In a rebuttal to the report he submitted to Michigan and federal legislators, Ryan Macias, former acting director of the U.S. Election Assistance Commission’s Voting System Testing and Certification Program, noted that the ballot definition files (used in the tabulator cards) “are not part of the certified voting system software, are unique to every election, and are regularly updated in advance of the election.”
Macias said the report showed “ASOG has a grave misunderstanding of the DVS DSuite 5.5 voting system, a lack of knowledge of election technology and process, and therefore, has come to a preposterous conclusion.”
Other experts also said the report doesn’t back up its claims that Dominion’s software had been designed to allow election fraud.
“In Antrim County, some elections office staff made an error in data handling… and they caught the mistake, and fixed it,” John Sebes, the co-founder and chief technology officer of the nonpartisan Open Source Elections Technology Institute, said in a phone interview. “That’s making mistakes and catching mistakes, it’s not committing fraud.”
Other Disputed Findings
There are other issues with the report, too.
One of the specific claims made in the report — which was turned into a Twitter talking point by Trump — was that a “tabulation log for the forensic examination of the server for Antrim County from December 6, 2020 consists of 15,676 individual events, of which 10,667 or 68.05% of the events were recorded errors. These errors resulted in overall tabulation errors or ballots being sent to adjudication.”
But that “is based on a lack of understanding of the voting system,” Macias wrote.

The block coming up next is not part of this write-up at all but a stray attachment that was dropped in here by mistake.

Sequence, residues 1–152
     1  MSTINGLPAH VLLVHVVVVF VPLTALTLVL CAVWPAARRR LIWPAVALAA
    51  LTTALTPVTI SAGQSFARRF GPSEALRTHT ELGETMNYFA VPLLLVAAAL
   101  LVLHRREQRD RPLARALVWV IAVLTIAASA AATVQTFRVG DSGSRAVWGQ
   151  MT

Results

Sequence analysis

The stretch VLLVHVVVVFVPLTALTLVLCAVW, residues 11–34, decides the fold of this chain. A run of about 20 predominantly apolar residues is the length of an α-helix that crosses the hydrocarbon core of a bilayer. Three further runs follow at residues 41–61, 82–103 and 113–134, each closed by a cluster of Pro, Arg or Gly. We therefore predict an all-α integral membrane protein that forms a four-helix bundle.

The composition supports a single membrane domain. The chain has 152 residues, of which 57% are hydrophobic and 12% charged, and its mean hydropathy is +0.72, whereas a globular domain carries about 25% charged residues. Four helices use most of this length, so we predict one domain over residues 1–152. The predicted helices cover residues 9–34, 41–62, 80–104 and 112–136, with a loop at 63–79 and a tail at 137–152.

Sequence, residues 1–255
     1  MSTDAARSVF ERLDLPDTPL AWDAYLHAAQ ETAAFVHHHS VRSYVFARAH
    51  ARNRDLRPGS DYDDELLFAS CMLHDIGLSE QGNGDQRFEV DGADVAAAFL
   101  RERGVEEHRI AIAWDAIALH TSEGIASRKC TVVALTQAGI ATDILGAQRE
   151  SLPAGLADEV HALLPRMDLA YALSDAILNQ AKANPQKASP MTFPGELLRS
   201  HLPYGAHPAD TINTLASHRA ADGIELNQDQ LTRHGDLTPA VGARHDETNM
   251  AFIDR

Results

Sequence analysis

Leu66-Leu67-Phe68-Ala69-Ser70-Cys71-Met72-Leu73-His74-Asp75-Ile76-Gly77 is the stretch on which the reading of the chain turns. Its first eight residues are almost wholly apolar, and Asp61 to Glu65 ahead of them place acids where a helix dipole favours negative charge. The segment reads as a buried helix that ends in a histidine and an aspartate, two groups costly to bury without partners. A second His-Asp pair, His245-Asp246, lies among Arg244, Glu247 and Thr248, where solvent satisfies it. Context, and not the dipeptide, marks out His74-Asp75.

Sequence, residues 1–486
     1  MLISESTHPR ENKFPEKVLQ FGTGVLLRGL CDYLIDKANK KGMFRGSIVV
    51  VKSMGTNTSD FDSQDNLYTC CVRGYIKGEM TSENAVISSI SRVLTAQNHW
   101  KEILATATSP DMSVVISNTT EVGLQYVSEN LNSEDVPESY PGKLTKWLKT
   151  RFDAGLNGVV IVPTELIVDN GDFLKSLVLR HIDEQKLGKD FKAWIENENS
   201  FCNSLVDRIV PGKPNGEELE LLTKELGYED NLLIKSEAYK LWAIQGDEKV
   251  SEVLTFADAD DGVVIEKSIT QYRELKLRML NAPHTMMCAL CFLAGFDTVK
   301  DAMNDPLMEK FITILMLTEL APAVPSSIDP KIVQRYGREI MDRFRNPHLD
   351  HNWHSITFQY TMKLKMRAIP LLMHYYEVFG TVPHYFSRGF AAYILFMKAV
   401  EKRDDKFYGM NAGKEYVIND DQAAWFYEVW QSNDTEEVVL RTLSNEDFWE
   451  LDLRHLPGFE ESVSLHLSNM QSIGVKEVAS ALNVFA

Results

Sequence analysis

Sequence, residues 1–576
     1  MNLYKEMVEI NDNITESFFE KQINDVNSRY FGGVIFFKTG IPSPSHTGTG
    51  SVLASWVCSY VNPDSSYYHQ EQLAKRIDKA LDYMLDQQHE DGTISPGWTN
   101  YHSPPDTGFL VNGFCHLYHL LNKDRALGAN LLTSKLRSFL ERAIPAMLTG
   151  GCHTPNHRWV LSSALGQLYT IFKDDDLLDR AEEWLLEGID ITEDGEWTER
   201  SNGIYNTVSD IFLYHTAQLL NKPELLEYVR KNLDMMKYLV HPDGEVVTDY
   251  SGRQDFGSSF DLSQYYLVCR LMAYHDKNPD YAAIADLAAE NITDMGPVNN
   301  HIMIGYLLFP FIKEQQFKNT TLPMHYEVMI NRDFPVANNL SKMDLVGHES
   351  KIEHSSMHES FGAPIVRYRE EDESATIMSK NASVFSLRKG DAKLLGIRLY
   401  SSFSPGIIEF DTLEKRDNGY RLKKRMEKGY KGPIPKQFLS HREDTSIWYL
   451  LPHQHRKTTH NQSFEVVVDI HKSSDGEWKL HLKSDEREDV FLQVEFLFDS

Macias told us in a phone interview that the “errors” described in the report are, essentially, entries of alerts from tabulation event logs — and that they don’t mean that something went wrong.
The terms referenced in the report — “divert,” “reversed” and “override” — refer to standard, expected responses as the tabulators process the paper ballots, he wrote in his rebuttal.
For example, diverted ballots could be a ballot that is “marked by the voter with specific conditions (i.e., voter voted for a write-in or overvoted a contest),” so it is separated from the other ballots to be counted by elections officials. A reversed ballot, meanwhile, is a ballot being returned to the voter for some reason (it could be damaged, or be a ballot for the wrong precinct).
“To draw an analogy, calling these an error would be synonymous with stating that you reviewed a car’s logs and for each instance that the gas light turned on we will call it an error,” he wrote.
Ramsland’s report also claims that “[i]n the logs we identified that the RCV or Ranked Choice Voting Algorithm was enabled… This allows the user to apply a weighted numerical value to candidates and change the overall result.”
Macias said the Dominion product used in Antrim County “does not have the capability to run the RCV algorithm.”
Dan Wallach, a computer science professor at Rice University who researches voting security, further said “just because the [RCV] feature is enabled doesn’t mean you have any races that use it.”